Thursday, 16 August 2007
Urban modelling via a multi-touch display wall
Urban modelling is arguably an area that has yet to benefit from 3D interaction and quite understandably so since the work involved is often very complex and large-scale and doesn't really lend itself to HCI experimentation. However, Autodesk Labs plans to change all that and has recently unveiled vids of a new research prototype of a novel urban design application.
This prototype runs on a Multi-Touch Wall, a multi-touch input device produced by Perceptive Pixel (link here) and invented by researcher and TED conference luminary Jeff Han. Single touch devices, such as a for example a tablet PC or kiosk at a shopping mall, have been around for years. What distinguishes a multi-touch device from its predecessors is that it recognizes more than one input simultaneously. That means that instead of just touching the screen with the tip of one finger, the device recognizes gestures that the user makes with one or more fingers. Recognizing these gestures can provide computer applications with new opportunities for processing user input...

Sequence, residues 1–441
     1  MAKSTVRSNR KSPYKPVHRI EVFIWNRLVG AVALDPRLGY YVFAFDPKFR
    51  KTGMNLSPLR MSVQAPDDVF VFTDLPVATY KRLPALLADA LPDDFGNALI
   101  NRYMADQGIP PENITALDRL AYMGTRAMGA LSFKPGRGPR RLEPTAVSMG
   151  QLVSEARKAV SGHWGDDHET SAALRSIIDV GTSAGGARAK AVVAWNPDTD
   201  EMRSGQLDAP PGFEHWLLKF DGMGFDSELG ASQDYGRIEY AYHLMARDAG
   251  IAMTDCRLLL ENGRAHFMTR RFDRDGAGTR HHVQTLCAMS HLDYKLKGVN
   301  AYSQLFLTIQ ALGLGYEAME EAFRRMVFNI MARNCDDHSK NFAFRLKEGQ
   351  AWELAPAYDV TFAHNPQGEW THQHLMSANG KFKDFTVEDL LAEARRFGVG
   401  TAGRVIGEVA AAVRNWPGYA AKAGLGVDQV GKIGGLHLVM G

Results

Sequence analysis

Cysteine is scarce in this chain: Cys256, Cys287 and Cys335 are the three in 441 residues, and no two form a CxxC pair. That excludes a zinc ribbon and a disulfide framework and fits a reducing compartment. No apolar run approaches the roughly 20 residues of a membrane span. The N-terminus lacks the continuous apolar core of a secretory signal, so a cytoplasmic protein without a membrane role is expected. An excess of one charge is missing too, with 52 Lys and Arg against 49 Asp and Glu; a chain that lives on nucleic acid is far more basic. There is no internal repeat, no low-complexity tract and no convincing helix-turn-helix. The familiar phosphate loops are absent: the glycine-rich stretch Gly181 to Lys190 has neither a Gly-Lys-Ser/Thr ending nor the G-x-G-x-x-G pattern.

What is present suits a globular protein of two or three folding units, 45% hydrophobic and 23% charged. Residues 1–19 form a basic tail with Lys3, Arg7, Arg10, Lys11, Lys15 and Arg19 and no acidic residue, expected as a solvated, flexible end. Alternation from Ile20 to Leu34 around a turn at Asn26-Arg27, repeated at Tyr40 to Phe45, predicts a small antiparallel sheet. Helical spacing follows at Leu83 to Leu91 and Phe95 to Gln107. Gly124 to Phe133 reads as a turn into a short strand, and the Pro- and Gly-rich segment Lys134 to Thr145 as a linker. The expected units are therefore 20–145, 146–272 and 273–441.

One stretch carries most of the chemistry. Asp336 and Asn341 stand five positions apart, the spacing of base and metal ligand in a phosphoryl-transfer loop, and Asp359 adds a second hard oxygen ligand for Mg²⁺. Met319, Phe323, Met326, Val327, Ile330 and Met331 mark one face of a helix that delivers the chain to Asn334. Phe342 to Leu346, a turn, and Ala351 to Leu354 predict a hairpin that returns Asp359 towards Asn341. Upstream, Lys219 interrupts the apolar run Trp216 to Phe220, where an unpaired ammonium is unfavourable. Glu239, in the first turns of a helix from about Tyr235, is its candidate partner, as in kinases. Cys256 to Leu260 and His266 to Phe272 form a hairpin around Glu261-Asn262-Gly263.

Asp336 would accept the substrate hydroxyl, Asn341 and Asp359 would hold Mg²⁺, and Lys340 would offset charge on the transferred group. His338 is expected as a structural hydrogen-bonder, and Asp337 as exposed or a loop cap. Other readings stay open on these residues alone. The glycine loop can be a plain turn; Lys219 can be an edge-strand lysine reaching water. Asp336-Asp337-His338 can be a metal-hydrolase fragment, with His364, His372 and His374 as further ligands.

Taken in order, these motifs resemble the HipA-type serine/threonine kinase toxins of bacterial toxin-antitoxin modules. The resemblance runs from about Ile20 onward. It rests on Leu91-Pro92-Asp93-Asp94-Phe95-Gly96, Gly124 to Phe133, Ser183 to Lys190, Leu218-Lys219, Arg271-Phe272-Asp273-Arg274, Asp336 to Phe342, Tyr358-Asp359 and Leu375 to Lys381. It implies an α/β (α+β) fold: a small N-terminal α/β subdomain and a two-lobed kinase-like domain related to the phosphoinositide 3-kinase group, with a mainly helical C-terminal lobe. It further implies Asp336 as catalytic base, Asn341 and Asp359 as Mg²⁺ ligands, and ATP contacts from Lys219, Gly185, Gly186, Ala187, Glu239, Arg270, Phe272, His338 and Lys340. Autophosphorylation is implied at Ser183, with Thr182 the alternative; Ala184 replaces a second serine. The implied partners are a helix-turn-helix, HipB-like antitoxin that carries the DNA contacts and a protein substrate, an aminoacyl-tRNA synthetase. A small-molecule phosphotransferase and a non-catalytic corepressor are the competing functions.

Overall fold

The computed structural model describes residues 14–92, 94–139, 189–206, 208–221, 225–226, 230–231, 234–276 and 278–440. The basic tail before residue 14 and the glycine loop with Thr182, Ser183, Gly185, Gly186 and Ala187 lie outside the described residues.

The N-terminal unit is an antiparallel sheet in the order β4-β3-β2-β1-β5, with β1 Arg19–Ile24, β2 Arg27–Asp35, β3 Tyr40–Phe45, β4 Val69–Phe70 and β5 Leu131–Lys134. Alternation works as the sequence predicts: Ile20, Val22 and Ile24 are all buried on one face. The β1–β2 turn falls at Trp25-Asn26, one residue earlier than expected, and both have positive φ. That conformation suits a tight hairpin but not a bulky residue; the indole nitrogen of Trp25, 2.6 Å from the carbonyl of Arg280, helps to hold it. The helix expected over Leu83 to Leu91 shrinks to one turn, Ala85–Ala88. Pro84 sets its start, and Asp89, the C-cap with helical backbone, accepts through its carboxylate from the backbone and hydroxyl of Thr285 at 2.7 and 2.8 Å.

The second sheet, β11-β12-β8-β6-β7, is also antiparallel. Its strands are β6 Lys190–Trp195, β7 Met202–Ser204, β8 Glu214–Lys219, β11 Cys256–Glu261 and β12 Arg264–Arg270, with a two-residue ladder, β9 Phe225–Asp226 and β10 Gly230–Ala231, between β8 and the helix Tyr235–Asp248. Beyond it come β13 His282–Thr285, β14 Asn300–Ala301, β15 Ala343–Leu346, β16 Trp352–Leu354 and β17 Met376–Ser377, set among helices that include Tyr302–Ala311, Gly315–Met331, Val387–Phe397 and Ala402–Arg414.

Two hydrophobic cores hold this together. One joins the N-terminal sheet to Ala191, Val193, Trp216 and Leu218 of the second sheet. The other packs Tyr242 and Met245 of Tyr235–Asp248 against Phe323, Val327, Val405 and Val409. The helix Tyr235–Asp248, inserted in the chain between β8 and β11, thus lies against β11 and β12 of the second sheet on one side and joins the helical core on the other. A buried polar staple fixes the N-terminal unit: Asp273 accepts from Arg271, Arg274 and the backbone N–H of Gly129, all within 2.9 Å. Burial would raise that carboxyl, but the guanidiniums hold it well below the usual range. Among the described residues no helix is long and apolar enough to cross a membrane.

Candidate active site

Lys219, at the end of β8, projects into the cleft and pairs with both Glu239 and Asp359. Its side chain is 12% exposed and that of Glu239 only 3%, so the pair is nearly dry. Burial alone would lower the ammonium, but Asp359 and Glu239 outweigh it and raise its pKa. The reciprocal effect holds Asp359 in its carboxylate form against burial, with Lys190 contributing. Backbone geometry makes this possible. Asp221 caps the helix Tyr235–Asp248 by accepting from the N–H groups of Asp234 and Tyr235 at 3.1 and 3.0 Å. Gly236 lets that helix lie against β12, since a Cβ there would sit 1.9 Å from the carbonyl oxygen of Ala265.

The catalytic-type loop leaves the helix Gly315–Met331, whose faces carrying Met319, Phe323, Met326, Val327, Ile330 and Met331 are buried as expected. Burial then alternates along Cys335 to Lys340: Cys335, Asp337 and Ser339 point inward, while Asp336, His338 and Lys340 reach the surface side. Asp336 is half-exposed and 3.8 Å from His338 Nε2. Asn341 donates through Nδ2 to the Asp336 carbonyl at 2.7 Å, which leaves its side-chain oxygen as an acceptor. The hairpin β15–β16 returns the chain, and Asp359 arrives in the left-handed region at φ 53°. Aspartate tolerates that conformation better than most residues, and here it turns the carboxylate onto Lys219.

Therefore, Autodesk Labs believes multi-touch human-computer interfaces may dramatically change how products, infrastructure, and buildings are designed. In the vid above you can see someone grab a section of a city and mock up a building on the site. It looks really exciting (despite the lack of audio commentary on the vid) and could well spark off new avenues in urban modelling research when the project is complete and made commercially available.